Keeping their pledge to halt progress on an Energy Aggregation savings program if favorable terms were not met, the Manchester Township Council, with the support of Mayor Kenneth Palmer, last week passed a resolution of withdrawal from a potential cooperative agreement including other local towns.

Manchester officials had been in talks to join the cooperative agreement with Stafford Township and Lacey Township that would pool customers together to secure a bulk rate for electricity from a third party supplier at a cost lower than JCP&L. From the start, Manchester officials made it clear to residents that the Township would not move forward without favorable contractual terms.

The State Board of Public Utilities Rate Counsel recently reviewed the proposal and recommended that the Township should alter the terms of the agreement because it requires Manchester to remain in the cooperative even if the aggregation cost is above JCP&L’s price. The Township Council, Mayor Palmer and Township Attorney expressed the same concern during negotiations and agreed that the terms were unacceptable.

While residents would have had the option to opt-out of the aggregation program at any point, including during an unfavorable rate change, this process would require action by each residential electricity subscriber. As a safeguard, Township officials wanted the ability to terminate the program for all residents should the aggregation rate be beyond JCP&L’s newly adjusted price. Since the energy consultant in concert with Lacey Township would not agree to alter the terms, Manchester officials decided not to move forward with this cooperative agreement.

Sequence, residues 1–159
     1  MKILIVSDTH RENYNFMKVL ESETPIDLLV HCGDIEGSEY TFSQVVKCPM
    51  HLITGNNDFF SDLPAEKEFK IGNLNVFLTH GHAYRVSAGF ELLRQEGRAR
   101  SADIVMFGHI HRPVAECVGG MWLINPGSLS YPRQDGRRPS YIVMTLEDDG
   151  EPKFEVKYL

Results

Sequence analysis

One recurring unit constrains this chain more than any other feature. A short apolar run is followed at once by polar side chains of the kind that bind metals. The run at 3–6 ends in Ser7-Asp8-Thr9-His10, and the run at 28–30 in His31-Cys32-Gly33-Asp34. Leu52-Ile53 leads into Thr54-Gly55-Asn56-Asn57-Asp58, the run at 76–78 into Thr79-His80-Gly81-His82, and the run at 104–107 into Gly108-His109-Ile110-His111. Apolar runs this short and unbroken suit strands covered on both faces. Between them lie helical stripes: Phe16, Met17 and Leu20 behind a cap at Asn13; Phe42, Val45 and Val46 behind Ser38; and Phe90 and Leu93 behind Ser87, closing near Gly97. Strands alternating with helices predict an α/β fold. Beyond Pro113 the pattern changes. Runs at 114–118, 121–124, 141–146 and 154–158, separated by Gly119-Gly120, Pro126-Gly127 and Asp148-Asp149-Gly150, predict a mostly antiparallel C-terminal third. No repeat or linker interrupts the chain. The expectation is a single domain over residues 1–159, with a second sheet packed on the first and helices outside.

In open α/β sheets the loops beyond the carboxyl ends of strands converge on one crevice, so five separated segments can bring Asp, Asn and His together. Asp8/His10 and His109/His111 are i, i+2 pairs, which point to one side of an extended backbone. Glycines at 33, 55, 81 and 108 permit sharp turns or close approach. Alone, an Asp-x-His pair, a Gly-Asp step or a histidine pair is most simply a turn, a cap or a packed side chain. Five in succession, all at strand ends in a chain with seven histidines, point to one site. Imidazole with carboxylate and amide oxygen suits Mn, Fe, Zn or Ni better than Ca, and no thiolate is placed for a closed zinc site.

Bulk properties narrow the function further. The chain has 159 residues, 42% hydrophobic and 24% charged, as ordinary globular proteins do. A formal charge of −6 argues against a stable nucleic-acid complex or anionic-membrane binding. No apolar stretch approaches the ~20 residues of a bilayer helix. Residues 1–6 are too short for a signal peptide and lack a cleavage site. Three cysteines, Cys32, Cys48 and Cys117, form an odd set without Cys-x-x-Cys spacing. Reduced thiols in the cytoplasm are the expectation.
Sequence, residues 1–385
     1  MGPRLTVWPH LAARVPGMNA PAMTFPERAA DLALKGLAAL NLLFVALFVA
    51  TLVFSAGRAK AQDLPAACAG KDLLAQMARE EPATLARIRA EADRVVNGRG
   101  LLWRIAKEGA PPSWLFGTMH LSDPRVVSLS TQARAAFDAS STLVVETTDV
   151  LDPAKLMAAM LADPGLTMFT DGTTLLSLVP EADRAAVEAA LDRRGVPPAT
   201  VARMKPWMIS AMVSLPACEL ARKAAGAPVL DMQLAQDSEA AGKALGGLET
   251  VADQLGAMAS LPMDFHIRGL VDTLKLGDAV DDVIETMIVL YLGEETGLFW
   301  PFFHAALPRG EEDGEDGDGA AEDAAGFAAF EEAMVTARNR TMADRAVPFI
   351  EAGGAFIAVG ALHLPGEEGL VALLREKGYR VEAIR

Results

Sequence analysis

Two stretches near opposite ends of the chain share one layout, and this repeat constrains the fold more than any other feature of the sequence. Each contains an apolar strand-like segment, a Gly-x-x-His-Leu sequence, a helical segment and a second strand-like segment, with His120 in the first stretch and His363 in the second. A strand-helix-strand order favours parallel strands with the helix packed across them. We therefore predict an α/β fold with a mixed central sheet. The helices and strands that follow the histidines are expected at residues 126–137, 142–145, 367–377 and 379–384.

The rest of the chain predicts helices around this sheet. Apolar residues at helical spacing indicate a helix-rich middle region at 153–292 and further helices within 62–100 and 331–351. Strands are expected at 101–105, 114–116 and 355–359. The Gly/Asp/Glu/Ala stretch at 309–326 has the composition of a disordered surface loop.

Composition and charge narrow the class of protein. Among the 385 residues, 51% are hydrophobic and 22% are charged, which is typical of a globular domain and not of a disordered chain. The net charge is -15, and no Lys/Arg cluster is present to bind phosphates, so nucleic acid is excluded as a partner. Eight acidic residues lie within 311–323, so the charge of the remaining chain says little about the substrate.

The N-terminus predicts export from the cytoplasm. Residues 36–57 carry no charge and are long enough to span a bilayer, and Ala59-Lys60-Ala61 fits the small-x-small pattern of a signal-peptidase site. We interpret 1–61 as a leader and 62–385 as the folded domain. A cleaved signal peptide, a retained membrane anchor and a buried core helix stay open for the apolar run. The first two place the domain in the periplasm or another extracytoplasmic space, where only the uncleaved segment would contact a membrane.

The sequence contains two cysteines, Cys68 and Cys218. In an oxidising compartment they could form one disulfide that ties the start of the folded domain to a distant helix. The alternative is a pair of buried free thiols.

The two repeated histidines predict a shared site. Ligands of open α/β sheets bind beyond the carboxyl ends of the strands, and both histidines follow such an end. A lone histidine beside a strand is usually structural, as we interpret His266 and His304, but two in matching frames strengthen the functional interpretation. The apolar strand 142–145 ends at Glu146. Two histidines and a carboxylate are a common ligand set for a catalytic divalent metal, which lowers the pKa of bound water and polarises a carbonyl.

“Energy aggregation is a concept that the Township has been interested in for many years, as it promises savings on a basic necessity. As is evident by this withdrawal, the Council and I are committed to completing our due diligence before entering into any agreement,” said Mayor Palmer. “The terms must be favorable for our residents.”

Given its merits, officials now plan to move forward with energy aggregation, but without the use of a cooperative. The Township Council is expected to introduce a resolution to advertise for bids for a consultant at an upcoming regular meeting.

Energy aggregation provides for a lower electricity bill while retaining service from JCP&L. As Mayor Palmer previously explained, JCP&L will continue to service residents’ homes while the electricity will be delivered by another provider at a lower cost. The program works through an “opt out” system, meaning residents would be automatically enrolled unless they return a postcard indicating they do not want to participate. Residents with solar panels and those already enrolled in another energy program will not be included in the program.